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CYDO´NIA (Κυδωνία, Κυδωνίς, Ptol. 4.17.8: Eth. and Adj. Κυδωνιάτης, Κύδων, Κυδώνιος, Κυδωναῖος, Κυδωνίς, Κυδωνιακός, Cydon, Cydoneus, Cydoniatae, Cydonites, Cydonius: Khaniá), one of the most ancient and important cities of Crete. (Strab. x. p.476.) Homer (Hom. Od. 3.292, 19.176) speaks of the Cydonians who dwelt about the river Iardanus, whom Strabo (p. 475) considers to be indigenous, but nowhere mentions a city Cydonia. The traditions, though differing among themselves, prove that it existed in very ancient times. (Diod. 5.78; Paus. 8.53.2; Schol. ad Theocrit. 7.12; Schol. ad Apollon. Rhod. 4.1492; Flor. 3.7 § 4.) Herodotus (3.44, 59) assigns its foundation to the Samians who established themselves there, and during their 5 years' residence in it built the temple of Dictynna, as well as those which still existed when the historian wrote. The city, however, as is plain from the legends, existed before the time of Polycrates, though adorned by the Samnians. In the Peloponneslan War it was engaged in hostilities with the Gortynians, who were assisted by an Athenian squadron. (Thuc. 2.35.) Cydonia, as Arnold (l.c.) remarks, would especially hate and be hated by the Athenians, as a considerable portion of its citizens were Aeginetan colonists. (Hdt. 3.59.) At a later period it formed an alliance with the Cnossians. (Plb. 4.55.4, 33.15.4.) After the termination of the Sacred War, Phalaecus, the Phocian general, attacked Cydonia, and was killed with most of his troops during the siege. (Diod. 16.61.) At one time she carried on hostilities single-handed against both Cnossus and Gortyna. (Liv. 37.40.) The first engagement between the Cretans, under Lasthenes and Panares, and the Roman legions, under Metellus, was fought in the Cydonian district. The Romans were victorious. Metellus was saluted imperator, and laid siege to Cydonia. (Appian, Cret. 6.2; Liv. Epit. xcviii.)

Strabo (p. 479) describes Cydonia as situated on the sea and looking towards Laconia, at a distance of 800 stadia from both Cnossus and Gortyna. Scylax (Geog. Graec. Min. vol. i. p. 18) mentions Cydonia as having a harbour which could be closed (λιμὴν κλειστός); the port of Khaniá exactly answers to this description. This identity of physical features with the notices of several ancient writers (Ptol. l.c.; Plin. Nat. 4.12. s. 20), coupled with the circumstance that maritime symbols are found on autonomous coins of Cydonia, has led Mr. Pashley (Trav. vol. i. p. 15) to fix the site in or near the modern Khaniá.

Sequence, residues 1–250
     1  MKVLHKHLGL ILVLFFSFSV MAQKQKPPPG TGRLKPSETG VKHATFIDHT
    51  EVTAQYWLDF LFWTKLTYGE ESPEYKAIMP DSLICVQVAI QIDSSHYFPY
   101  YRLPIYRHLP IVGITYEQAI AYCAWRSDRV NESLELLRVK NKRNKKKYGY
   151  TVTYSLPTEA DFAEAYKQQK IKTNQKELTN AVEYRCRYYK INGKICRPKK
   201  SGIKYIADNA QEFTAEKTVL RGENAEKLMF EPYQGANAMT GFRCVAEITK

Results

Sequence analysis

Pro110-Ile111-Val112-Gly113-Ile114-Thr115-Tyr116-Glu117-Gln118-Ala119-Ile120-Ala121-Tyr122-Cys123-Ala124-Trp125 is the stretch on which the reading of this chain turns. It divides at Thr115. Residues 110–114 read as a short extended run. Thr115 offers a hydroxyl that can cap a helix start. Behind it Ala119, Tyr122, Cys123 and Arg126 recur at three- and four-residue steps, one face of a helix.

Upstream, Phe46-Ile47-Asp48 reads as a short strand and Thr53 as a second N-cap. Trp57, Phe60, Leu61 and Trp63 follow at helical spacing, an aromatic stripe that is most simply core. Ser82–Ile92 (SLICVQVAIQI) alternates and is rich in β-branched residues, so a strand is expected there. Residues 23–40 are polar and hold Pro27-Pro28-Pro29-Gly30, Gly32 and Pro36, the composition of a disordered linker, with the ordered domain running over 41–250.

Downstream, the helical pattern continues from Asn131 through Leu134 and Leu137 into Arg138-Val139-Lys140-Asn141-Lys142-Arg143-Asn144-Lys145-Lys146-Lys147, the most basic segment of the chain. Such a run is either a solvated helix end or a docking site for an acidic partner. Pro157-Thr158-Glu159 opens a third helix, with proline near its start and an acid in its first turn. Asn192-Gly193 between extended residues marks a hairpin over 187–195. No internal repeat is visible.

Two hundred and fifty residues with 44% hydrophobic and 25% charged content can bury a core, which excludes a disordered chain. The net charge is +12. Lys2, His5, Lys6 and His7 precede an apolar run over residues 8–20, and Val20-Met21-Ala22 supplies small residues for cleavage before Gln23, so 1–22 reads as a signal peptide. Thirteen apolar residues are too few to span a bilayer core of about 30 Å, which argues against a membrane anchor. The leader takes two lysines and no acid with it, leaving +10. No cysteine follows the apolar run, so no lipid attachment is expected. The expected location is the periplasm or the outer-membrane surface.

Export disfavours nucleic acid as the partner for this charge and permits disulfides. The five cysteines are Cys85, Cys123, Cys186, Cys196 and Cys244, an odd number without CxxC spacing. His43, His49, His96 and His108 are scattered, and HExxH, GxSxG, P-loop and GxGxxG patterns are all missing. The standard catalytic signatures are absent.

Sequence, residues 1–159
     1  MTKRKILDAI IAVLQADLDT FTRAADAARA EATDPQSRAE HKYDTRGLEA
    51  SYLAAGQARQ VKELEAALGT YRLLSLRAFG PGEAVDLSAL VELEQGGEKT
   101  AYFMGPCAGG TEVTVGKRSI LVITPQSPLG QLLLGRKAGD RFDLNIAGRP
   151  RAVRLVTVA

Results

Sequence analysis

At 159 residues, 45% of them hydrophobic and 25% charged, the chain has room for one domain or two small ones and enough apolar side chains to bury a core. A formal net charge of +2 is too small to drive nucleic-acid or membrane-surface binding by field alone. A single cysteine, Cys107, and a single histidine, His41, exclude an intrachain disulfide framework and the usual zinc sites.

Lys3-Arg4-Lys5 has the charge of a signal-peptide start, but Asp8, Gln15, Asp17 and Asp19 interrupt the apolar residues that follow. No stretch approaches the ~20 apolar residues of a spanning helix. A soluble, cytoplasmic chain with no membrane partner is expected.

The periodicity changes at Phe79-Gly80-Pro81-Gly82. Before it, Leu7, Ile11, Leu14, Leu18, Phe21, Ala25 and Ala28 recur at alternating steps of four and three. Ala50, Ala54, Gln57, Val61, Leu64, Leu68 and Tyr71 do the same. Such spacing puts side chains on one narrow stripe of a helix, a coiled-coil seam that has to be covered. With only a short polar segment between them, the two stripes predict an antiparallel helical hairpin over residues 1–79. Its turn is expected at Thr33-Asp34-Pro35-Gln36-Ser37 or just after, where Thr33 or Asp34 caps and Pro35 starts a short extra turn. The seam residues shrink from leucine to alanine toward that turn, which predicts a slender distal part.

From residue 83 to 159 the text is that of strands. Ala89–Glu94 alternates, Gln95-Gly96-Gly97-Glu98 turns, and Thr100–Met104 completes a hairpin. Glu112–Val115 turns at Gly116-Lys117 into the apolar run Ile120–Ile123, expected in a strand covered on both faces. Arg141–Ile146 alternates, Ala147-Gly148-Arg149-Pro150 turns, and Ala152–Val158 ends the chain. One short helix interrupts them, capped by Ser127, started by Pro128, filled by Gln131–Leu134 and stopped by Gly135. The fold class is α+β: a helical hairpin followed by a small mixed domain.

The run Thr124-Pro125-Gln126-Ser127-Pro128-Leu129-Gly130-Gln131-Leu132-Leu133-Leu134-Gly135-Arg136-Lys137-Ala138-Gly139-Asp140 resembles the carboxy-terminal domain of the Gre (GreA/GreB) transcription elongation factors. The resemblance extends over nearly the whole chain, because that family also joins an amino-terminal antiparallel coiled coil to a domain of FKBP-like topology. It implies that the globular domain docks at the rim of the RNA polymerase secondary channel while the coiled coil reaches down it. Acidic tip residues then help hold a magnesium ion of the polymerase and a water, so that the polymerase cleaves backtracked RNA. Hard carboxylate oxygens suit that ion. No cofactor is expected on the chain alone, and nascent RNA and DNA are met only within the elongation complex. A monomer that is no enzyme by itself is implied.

The quince-tree derived its name from the Cretan Cydonia, in the district of which city it was indigenous, and was thence transported into other countries. (Plin. Nat. 15.11.) The fruit was called κοδύμαλον in the ancient Cretan dialect.



hide References (13 total)
  • Cross-references from this page (13):
    • Diodorus, Historical Library, 16.61
    • Herodotus, Histories, 3.44
    • Herodotus, Histories, 3.59
    • Homer, Odyssey, 19.176
    • Homer, Odyssey, 3.292
    • Pausanias, Description of Greece, 8.53.2
    • Thucydides, Histories, 2.35
    • Polybius, Histories, 33.15.4
    • Polybius, Histories, 4.55.4
    • Pliny the Elder, Naturalis Historia, 15.11
    • Pliny the Elder, Naturalis Historia, 4.12
    • Livy, The History of Rome, Book 37, 40
    • Diodorus, Historical Library, 5.78
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